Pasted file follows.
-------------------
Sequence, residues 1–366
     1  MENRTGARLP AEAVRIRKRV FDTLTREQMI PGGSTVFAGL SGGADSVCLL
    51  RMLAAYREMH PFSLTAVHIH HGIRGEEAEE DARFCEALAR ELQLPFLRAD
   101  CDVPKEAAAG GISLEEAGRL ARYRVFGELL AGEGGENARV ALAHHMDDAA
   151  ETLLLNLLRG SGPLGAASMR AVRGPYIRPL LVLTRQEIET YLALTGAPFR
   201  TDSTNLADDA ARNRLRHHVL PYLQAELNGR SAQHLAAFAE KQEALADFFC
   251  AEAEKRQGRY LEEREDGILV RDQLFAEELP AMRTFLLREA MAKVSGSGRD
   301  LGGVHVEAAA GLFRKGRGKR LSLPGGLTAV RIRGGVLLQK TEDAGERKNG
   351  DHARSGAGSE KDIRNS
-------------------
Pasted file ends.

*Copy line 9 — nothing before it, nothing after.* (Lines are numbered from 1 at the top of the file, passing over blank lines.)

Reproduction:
   351  DHARSGAGSE KDIRNS